Environmental campaigners have been wanting us to reduce the number of plastic bags we use for decades, and for good reason. They clog up landfill sites and waterways, animals confuse them for food, choking and poisoning them, and dozens more environmental concerns. The problem with plastic bags is that they don’t degrade. The pollution they cause is having catastrophic results for our marine life.
National bans were set in motion in Bangladesh back in 2002, but it took until 2015 for the ban on plastic shopping bags to be instigated in Britain. Since then, 15 billion plastic bags have been taken out of circulation, an 86% fall in single plastic bag use.
Reusable bags for life are a step forward in the fight against waste, pollution and marine life endangerment. But what about the untold quantities of plastic bags that are already in circulation, loitering at the back of people’s cupboards?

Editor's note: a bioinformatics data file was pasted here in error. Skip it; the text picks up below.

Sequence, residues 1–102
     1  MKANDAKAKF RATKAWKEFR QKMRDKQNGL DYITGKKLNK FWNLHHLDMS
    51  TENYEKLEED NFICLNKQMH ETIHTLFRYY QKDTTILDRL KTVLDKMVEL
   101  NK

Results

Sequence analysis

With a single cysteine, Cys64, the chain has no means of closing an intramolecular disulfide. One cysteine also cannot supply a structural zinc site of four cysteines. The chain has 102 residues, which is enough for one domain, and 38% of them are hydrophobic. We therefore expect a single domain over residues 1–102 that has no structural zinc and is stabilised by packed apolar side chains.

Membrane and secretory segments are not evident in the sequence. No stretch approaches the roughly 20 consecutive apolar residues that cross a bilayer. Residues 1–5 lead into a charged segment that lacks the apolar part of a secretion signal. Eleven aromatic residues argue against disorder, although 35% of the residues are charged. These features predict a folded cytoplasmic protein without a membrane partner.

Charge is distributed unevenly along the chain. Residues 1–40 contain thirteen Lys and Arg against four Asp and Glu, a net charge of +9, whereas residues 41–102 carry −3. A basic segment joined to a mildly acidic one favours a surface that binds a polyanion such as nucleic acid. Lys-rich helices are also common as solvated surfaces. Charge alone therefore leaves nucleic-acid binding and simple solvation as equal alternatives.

At Saturday’s Child we are embracing the concept of re-purposing existing items, starting with the root of the issue, the plastic bag. Only items that exist are used for our project and we are excited to show you prototypes of our true Bag For Life.
This “plastic bag bag” is made from around 25 regular supermarket carrier bags. The handles and the bottom seam are cut off, then the remaining bag is cut in a spiral to make one long strip about one and a half inches wide.
It is then knitted on large needles, joining each strip as one goes. It is surprisingly uncomplicated for even the most novice knitter.
So there we have it, an existing product, something that would otherwise go to landfill or endanger our marine life, re-used and re-purposed, combined with a traditional handcraft to create something all the more substantial, modern and relevant in todays society.